Redfield had said in testimony to a CCP virus Senate hearing that preliminary results from antibody testing indicated that the majority of the population in the United States—about 90 percent—remained susceptible to the CCP virus. He said that roughly 10 percent of the population had developed antibodies after being infected by the CCP virus.

But Atlas pushed back on the statement, saying that, “The immunity to the infection is not solely determined by the percent of people who have antibodies.

"If you look at the research, and there’s been 24 papers, at least, on the immunity from T-cell, that’s the different type of immunity than antibodies,” he said at the time. “The reality is that according to the papers from Sweden, Singapore, and elsewhere, there is cross-immunity highly likely from other infections, and there is also T-cell immunity. And the combination of those makes the antibodies a small fraction of the people that have immunity.”

Days later, Redfield was reported to have been overheard saying of Atlas, "Everything he says is false."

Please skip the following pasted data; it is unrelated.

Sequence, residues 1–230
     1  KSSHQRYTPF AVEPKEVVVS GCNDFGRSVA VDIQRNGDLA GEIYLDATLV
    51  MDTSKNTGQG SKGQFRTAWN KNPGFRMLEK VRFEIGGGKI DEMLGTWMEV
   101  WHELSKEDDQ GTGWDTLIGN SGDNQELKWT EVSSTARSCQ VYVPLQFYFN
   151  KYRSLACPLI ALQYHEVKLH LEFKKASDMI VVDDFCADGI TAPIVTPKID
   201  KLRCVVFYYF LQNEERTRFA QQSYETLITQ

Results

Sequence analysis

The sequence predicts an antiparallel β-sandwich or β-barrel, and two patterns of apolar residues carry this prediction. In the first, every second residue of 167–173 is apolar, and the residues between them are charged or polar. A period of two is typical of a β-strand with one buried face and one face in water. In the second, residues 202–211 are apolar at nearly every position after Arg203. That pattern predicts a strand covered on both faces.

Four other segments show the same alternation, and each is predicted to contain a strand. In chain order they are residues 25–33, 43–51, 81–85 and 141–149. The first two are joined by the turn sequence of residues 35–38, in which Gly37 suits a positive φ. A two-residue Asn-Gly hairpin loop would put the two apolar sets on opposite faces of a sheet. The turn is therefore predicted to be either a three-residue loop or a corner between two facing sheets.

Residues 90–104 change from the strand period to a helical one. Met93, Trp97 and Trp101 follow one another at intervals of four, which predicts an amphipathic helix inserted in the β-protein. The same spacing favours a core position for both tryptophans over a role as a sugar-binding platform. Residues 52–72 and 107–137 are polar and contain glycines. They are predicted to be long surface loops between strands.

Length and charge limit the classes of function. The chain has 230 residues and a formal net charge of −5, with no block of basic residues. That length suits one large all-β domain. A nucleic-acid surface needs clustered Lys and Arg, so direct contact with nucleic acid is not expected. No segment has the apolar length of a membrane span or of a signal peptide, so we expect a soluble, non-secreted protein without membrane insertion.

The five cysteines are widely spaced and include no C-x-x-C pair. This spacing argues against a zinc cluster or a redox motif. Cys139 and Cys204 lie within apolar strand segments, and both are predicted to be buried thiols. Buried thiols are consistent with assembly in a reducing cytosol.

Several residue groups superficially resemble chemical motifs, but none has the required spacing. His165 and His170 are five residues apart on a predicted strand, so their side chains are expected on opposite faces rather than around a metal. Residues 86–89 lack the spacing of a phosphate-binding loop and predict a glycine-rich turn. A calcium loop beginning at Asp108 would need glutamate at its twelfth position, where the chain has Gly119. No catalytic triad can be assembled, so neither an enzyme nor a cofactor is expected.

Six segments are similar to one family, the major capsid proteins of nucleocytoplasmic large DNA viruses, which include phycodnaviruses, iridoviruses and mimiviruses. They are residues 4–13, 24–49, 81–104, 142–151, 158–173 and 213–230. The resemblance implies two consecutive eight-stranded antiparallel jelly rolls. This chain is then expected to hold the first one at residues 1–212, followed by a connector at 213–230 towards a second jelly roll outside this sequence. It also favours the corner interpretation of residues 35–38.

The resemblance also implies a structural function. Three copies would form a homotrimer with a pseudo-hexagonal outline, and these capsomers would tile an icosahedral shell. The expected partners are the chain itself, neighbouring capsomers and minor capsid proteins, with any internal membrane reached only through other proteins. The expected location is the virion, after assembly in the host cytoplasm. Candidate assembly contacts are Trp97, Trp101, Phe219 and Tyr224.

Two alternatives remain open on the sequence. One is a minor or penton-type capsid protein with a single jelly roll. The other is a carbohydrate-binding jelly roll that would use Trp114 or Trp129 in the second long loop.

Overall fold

Atlas defended his expertise and said that his advice to the administration was based on the current science.

“I was asked to be an adviser on the coronavirus pandemic to the president of the United States and I was asked to do that because I have a 25 year career at top, elite medical centers, as a doctor and in patient care,” Atlas told Fox News earlier. “I also have a 15-year career in public policy, working on health care policy and integrating my medical knowledge in policy.”

“I am here because I understand how to translate complex medical science into plain English for the president of the United States and for everyone else in the White House, and derive appropriate public policy from that information,” he added, commenting that there appears to be a "false belief" that one "has to be a public health official to understand the facts about the pandemic."

Paula Liu contributed to this report.